Damned if you do/don’t

Tuesday. Today’s word is peruse.

On May 29th, Governor Baker will end Covid Restrictions in Massachusetts, months earlier than expected. Only two weeks left for wearing masks in Boston. I’m not going to miss the fogged glasses and constantly tripping over my feet.

For good or bad, not much goes on at higher levels of the Boston Police Department without City Hall having a guiding hand in it, especially on legal and labor issues. It hasn’t always been that way but that’s the way it’s been for the last half dozen years. And here we are. Now, the one guy holding things together operationally at the BPD, a very capable person who probably doesn’t want the top job anyway, is getting blamed for doing what the team at City Hall told him to do. That doesn’t seem fair. And meanwhile, back at the ranch.

Initially a skeptic, NYT health writer Donald McNeil is giving the China lab-leak theory another, deeper look on his personal blog.

Apple is promoting it’s new lossless music service as a big improvement is the quality of the sound. But it can’t be that big a deal if the company’s own listening devices (Airpods, headphones, Homepods, etc.) won’t be able to use it. Huh?

And UFOs are in the news again thanks to 60 Minutes and a congressional report due next month. Can’t wait.

Let’s get normal for a change

Today is Friday, May 14th. The first vaccine was administered on this day in 1796.

Live Boston rounds up gunplay across the city over the last few days. But check out the photography. There are some amazing shots photos included.

There’s new guidance from the CDC. It’s all good news. We’re still masked in Massachusetts but we’ve taken one huge step in returning to normal: The aisles at Roche Brothers are back to two-way traffic. No more arrows on the floor. Hallelujah!

Another big ransomware attack, this time on the Irish Health Service. Not good.

Some members of Congress are trying to get more money for NASA‘s moon mission. There’s only one problem. NASA says it doesn’t need it.

And a Dogecoin millionaire believes in memes as money. “Memes are the language of the millennials,” he says. As someone a bit older, I’m fascinated by this and by NFT’s, and curious to see how it all plays out in the next several years.

Nearing a new normal

Today is Tuesday and that’s totally tremendous.

Voyager 1, which launched back in 1977, is phoning home from 14 billion miles away with information about plasma waves in interstellar space. That’s just crazy.

England, Northern Ireland and Scotland recorded no Covid deaths in the latest reporting period. (Wales is still catching up, reporting 3 deaths.) Closer to home, Massachusetts had 14 deaths but only 446 new cases. Just a few months ago we were looking at over 6000 new cases a day, so we’re certainly moving in the right direction. By August 1st the worst may be over.

Airline workers were on the front lines in the mask wars. Retail workers too. It’s amazing how selfish and petty people can be. These workers need a raise.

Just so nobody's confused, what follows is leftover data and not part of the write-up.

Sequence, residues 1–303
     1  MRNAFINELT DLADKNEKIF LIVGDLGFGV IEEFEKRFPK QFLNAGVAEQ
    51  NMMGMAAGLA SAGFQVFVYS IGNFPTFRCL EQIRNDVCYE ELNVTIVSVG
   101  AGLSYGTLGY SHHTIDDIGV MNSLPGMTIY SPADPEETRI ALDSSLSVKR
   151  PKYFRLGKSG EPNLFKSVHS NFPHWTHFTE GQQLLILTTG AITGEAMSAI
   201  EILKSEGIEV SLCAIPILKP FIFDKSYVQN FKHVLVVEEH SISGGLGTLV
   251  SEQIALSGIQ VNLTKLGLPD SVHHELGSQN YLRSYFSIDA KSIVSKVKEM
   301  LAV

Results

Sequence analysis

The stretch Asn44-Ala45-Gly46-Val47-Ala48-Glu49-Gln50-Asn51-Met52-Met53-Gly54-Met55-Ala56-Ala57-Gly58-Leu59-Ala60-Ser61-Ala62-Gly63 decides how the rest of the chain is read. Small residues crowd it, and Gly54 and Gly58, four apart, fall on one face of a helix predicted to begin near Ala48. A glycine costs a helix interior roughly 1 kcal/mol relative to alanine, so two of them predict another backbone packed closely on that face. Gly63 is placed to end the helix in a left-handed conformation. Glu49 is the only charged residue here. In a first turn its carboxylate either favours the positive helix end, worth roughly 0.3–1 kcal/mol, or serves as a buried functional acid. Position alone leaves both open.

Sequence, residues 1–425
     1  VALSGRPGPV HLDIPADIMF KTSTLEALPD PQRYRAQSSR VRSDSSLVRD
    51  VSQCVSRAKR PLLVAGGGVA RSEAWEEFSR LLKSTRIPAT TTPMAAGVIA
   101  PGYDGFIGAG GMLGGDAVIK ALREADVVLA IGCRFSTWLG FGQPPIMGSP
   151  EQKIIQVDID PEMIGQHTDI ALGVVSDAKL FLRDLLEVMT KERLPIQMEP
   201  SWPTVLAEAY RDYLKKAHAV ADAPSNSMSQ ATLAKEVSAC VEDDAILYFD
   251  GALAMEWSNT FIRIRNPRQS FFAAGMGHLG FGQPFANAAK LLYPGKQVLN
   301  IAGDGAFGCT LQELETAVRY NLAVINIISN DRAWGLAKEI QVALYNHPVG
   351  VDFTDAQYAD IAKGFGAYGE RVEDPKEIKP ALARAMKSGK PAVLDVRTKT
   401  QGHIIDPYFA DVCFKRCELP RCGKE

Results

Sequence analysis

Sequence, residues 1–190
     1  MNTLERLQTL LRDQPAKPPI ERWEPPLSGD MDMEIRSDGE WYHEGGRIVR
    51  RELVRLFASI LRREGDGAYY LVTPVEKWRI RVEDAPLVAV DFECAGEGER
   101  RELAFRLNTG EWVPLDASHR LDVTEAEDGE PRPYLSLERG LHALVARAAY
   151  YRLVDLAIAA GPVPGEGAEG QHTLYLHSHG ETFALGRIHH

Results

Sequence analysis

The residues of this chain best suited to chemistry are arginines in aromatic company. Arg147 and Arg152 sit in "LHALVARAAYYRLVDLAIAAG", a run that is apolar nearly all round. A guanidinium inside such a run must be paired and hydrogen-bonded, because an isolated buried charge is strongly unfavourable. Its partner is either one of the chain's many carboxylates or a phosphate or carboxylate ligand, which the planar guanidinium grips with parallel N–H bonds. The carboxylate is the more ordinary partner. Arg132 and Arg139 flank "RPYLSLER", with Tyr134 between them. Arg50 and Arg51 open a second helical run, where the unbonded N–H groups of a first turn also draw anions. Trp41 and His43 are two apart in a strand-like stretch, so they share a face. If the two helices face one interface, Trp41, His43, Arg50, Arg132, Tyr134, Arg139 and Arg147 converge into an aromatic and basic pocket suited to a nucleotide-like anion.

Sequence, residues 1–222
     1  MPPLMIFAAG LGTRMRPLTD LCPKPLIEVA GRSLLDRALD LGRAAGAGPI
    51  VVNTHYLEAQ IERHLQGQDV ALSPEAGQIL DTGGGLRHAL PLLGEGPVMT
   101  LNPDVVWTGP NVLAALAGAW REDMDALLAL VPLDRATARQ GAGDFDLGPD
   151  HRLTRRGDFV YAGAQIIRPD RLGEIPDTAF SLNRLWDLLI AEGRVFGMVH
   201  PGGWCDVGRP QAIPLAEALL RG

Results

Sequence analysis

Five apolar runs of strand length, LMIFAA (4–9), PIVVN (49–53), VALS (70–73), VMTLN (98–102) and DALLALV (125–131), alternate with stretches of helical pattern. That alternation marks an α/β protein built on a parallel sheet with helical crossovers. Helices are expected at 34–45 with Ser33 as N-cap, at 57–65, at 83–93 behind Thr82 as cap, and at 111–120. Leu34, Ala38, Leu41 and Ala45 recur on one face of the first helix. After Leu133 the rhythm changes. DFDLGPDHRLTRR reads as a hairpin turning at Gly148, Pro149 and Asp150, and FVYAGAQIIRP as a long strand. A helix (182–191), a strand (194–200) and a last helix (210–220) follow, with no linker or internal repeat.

Remember all that rhetoric about blue state bailouts? We were told that states like California shouldn’t get pandemic relief because they couldn’t manage their own budgets? Flash forward: California has a $75.7B budget surplus. Sounds pretty well-managed to me.

And Donovan Leitch, who once had an incredible string of hit songs in the 1960’s, has now teamed up with David Lynch for a music video. There are no talking monkeys but it’s still very Lynchian.

Rights and obligations

Sunday. Happy Mothers Day.

Last night Elon Musk promoted Dogecoin on SNL as the future of currency. Then it crashed. The plot thickens.

Ex-Senate President Tom Birmingham believes that today’s students need more civics instruction. Can’t argue with that.

Beer designed to taste horrible and be consumed as personal performance art to make a point about climate change? Life is getting way too complicated.

Another big ransomware hit, this time against a fuel pipeline operator. Why aren’t these networks hardened against this kind of attack?

And it’s awfully quiet out there. (Doesn’t that usually means that a storm is coming?)

Framing it up

It’s Friday. Happy birthday to David Hume, Tchaikovsky and Totie Fields.

A future without passwords? Google would like us to get there. There’s got to be a catch, right?

When oil prices spiked a few years ago we all had to delve into the world of crude supplies, regional dynamics and refinery constraints to understand what was happening. These days it’s all about lumber. Emily Stewart educates us on timber supplies, closed or understaffed mills, hardwood from the north and softwood from the south, to help explain why prices are going through the roof.

So what the hell happened in this photo of the Bidens and the Carters? I would love to see the original, uncropped and uncorrected version. Obviously a very wide lens was used but judging by the portraits on the wall and other straight edges, software lens correction was also applied after the fact. Maybe the photographer should have dialed that back a bit.

An increase in spontaneous nuclear reactions in the remains at Chernobyl is concerning scientists. But even if the reactions increase exponentially, as scientists worry they could, any explosion should be contained by the concrete enclosure. The operative word there is should.

And Nuzzle, a link aggregation service for Twitter, is, unfortunately, shutting down. It’s parent, Scroll, was acquired by Twitter and they’ve decided to wind down the service. In The Verge, Dieter Bohn described Nuzzle as “beloved by a tiny set of very online news consumers.” Uh, that would be me.